United Kingdom Dvořák, Mozart, Beethoven: Jonathan Biss (piano), Scottish Chamber Orchestra, Jakub Hrůša (conductor), Queen’s Hall, Edinburgh, 3.5.2012 (SRT)
Dvořák: Czech Suite
Mozart Piano Concerto No. 20 in D minor
Beethoven: Symphony No. 2
Jakub Hrůša is a young conductor whose star is definitely on the rise, not unlike the SCO’s principal conductor, Robin Ticciati. I first came across him two years ago when he conducted the RSNO and it’s heartening to say that he was just as impressive second time around. Hrůša has a wonderful sense of line in his conducting, and there is a palpable sense of openness to the way he communicates with both the orchestra and audience. Both these qualities were on ample display in his conducting of Dvořák’s lovely Czech Suite, a cross between a symphony and a serenade. Hrůša appeared almost to massage the sound out of the orchestra, drawing a seemingly endless line of music from the effortlessly sunny first movement and conjuring a particularly Dvořákian sheen from the strings. He fully inhabited the folk-tune atmosphere of the dance movements but stopped off for some lovely scene-painting in the Romantic slow movement. The orchestra’s playing was muscular and Romantic with full bodied string tone and Bohemian-sounding winds, making me wonder why they don’t play Dvořák more often.
In contrast to the sun-flecked brightness of Dvořák, Hrůša’s reading of Mozart’s great D minor concerto played up the dramatic, almost violent side of the work, nowhere more so than in the orchestral tutti at the start of the Rondo. So dark was the atmosphere that, for once, the switch into the major key in the coda sounded like a genuine surprise. Jonathan Biss’s muscular style of pianism suited this very well, even if sometimes the sweeter elements were underplayed, most notably in the outer sections of the Romanza, which sounded a little pale and unconvincing next to the Sturm und Drang of the central section. Still, Biss’s pianistic technique remains a wonder to witness, and he could revel in the lyricism when he wanted to. I especially loved the way he took the piano’s opening phrase in the work and sweetened it into a lovely major-key variant at the beginning of the development. He and Hrůša communicated most impressively, giving a sense of a well worked-out collaboration.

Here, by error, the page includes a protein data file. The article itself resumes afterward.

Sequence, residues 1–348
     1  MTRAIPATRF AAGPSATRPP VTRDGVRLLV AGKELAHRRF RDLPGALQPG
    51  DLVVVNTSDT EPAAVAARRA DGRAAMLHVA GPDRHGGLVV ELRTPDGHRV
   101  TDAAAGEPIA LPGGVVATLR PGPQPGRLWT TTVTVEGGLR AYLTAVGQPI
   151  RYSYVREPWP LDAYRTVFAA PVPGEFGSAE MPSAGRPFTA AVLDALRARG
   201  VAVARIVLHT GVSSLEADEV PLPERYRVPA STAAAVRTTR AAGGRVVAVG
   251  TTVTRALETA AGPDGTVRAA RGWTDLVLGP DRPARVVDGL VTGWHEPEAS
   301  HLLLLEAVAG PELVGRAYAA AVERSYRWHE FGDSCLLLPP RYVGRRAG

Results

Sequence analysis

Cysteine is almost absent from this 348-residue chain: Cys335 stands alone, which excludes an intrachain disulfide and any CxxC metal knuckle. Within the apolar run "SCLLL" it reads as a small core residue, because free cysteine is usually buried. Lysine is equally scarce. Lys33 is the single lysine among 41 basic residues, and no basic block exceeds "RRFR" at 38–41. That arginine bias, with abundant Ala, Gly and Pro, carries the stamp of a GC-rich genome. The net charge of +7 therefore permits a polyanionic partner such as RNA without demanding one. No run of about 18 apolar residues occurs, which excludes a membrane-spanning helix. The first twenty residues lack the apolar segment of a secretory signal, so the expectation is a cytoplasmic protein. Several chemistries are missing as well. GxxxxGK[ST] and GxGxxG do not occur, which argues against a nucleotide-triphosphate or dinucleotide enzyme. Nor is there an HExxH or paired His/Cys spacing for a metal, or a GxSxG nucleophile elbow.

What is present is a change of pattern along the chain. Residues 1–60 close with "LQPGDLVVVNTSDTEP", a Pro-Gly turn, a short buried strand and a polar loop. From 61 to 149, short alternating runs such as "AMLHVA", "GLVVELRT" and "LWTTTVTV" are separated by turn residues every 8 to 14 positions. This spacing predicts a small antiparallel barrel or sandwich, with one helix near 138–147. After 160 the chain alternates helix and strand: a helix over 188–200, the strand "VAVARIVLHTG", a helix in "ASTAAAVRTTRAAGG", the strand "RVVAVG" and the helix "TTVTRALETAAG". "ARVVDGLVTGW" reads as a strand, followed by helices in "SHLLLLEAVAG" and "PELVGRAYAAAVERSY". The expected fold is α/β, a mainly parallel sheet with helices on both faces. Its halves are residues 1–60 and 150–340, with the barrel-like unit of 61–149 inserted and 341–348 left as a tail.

The collaboration between conductor and orchestra was even more striking in Beethoven’s Second Symphony, where every phrase was moulded lovingly with a rich sense of musical purpose. The string tone for the Larghetto had the mellowness of mahogany and, while I could have done with a little more crackle to the opening Allegro, the wait paid off with a razor-sharp performance of the finale, taken at a daringly fast tempo and providing a fitting sense of culmination for the symphony. The SCO played with quicksilver precision, confirming themselves as one of this country’s best teams for Beethoven, something they will be called upon to confirm again next week when they finish the season with his Ninth Symphony.